Drivers Sole

Drivers work on the weekend, too! Don’t slack off in the shoe department on your days off. If you want to keep it casual on the weekend, then a pair of drivers will work well for variety of plans. Whether you’re running errands or meeting up with friends, drivers are a practical and stylish choice. Looking for more outfit inspiration? In the previous chart we saw that the center of gravity for the majority of drivers is located below the center of the face, but none of the drivers measured has a CG on or below the neutral axis. With some weight positions less than 1mm from the neutral axis, Mizuno’s JPX-850 has the lowest CG of any driver measured, and likely the lowest CG. Sole: noun the undersurface of a foot. The part of an item of footwear on which the sole rests and upon which the wearer treads. ‘That sole voice belonged to the International Critical Incident Stress Foundation.’ ‘The sole purpose of this particular effort is to identify undecided voters for follow-up contact.’ ‘And the Physicians Committee for Responsible Medicine says that caloric restriction is the sole instrument that produces weight loss.’.


Drivers Sole

Through Hand Select and Bending Service, these driver heads can be ordered in

any loft from 8* to 16* in half degree increments

any lie angle from 4* upright to 4* flat of the 59* lie design spec.

any face angle from 4* open to 4* closed from each model's face angle design spec.

No driver in the world can offer such a wide range of all three key specifications on the same head, all together.

Driver lie angle is the angle in degrees between the centerline of the hosel and the ground line when the ground line is in contact with the center of the sole from heel to toe.

Most golf companies publish their lie angles, for each model of driver head, on the internet, but a simple protractor out of your tool box will do. Place your driver so that the sole is flat on the floor, rest the club against the wall, and measure the lie angle. Most drivers are between 56 and 60 degrees, and obviously the pros get theirs custom built to their specs. As a little humor here-try asking that commissioned salesmen at your big box golf store, what the lie angle is on that special driver he is trying to sell you. Watch his facial expression as he panics.

Not that long ago a standard driver lie angle was 50 degrees. In the last few years...manufacturers have raised the lie angle standards on their drivers. Tour players generally use flatter than the standard clubs that come to market, but not by much.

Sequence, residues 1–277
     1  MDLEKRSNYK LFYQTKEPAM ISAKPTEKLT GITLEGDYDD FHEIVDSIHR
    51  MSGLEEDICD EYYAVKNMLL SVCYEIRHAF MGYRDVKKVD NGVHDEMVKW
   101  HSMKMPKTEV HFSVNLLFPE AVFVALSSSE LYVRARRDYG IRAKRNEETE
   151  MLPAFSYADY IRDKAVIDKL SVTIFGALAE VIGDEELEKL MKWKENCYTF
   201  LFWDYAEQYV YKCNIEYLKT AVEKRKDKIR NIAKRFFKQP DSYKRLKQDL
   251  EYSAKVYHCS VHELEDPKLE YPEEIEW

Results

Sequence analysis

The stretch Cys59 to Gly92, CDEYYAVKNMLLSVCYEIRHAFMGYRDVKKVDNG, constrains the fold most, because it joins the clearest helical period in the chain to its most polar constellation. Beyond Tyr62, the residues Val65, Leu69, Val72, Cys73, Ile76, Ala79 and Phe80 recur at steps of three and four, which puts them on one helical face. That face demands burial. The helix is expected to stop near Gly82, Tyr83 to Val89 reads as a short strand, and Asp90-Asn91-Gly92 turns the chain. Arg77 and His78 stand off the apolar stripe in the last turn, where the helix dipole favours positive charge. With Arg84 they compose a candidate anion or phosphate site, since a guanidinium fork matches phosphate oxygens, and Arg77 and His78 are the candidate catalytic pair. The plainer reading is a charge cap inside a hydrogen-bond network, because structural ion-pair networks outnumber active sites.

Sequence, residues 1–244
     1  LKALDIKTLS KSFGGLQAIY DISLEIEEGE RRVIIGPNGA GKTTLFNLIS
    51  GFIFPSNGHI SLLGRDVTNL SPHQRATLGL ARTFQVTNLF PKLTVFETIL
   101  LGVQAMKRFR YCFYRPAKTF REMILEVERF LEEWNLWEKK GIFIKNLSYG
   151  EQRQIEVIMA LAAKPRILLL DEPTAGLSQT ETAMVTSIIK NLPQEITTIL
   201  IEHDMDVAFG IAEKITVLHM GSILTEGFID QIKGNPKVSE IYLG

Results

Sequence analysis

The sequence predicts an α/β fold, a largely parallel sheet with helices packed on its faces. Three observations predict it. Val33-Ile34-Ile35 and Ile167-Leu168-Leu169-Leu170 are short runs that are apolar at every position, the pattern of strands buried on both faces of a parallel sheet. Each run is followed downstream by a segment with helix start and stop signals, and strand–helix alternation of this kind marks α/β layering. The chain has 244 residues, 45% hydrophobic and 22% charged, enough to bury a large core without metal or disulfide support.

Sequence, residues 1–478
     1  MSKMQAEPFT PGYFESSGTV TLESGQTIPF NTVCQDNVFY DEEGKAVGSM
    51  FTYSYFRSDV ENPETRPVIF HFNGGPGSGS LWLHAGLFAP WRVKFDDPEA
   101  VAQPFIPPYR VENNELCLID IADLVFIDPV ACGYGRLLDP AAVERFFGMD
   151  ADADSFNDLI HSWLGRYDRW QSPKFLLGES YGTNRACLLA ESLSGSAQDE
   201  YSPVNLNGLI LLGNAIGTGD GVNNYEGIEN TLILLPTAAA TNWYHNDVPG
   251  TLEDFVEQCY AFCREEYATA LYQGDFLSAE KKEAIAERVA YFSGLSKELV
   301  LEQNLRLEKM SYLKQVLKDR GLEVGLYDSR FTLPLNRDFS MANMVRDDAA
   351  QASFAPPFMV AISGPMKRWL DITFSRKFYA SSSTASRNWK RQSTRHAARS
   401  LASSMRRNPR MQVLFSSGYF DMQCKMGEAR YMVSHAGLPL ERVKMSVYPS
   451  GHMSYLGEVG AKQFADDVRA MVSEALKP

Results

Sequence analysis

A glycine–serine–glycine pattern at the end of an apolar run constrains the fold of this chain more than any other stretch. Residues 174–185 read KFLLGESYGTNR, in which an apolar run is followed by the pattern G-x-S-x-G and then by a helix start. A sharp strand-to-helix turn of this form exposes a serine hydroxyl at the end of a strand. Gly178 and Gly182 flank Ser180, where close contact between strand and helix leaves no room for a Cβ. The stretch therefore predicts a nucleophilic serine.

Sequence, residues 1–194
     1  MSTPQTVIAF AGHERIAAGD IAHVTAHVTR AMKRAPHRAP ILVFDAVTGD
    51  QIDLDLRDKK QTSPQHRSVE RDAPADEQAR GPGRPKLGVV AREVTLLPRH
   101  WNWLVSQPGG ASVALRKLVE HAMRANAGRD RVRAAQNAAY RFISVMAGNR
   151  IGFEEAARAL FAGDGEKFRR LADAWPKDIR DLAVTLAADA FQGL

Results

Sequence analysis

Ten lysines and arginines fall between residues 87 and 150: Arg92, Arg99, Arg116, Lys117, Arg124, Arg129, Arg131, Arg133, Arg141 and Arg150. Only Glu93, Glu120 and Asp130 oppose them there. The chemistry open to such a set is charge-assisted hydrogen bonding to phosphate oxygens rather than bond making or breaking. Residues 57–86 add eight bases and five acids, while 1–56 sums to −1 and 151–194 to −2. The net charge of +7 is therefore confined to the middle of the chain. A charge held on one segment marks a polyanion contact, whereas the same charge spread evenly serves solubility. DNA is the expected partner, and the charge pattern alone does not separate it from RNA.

A quick search through the Internet (Dec.09) revealed some interesting specs. Here is some of what we found: TM R9 59D lie, Callw. FT10 58D lie, Ping G15 58D lie, Tit. 909DComp. 59D lie, Tit. 909D3 58.5D lie, Nik. SQDmo2 59D-63D, Wils. Smooth 58D lie, Adam Speedline 58D lie, Wishon 919Ti 58D lie. Obviously, with driver lies all around 58 degrees, the golf gurus have come to the conclusion that driver lie isn’t too important.

Bet You Didn’t Know: Hockey Stick Lies: 4 - 137°, 5 - 135°, 5.5 - 134°, 6 - 133°, 7 - 131°

In Fitting:

Driver lie angle is not a huge factor to worry about in fitting because:

1. Modern titanium heads cannot be bent to alter the lie angle without special equipment and heat damaging the head. As above, Wishon drivers can be bent to specific lies.

2. Shot misdirection from the lie of your head being tilted at impact is directly proportionate to the loft. Drivers have the least amount of loft of all club heads, so that the amount of misdirection is small.

3. Lie is only important to tall or short golfers because the lies on the drivers available are really tailored to male golfers of 5’11” to 6’. Obviously if you can’t get or afford to get, a driver lie custom made for you, or can’t get it bent, cut your driver down in length, to achieve a more perfect contact.

Since the lie angle of a golf club at rest is somewhat different than at impact, it is important to make a dynamic measurement of this parameter as the club contacts the ball during the swing. Centrifugal force of the moving club head will flatten the normal lie angle at the point of impact. Up to 2 degrees of change can occur by the downward bowing of the shaft. For this reason, a dynamic measurement at impact is the only accurate way to gather lie angle data.

In Conclusion:

Driver Lie angle is not much of a fitting factor in your driver because the lower loft of drivers combined with the greater droop of the shaft does not result in a marked misdirection tendency of the shot.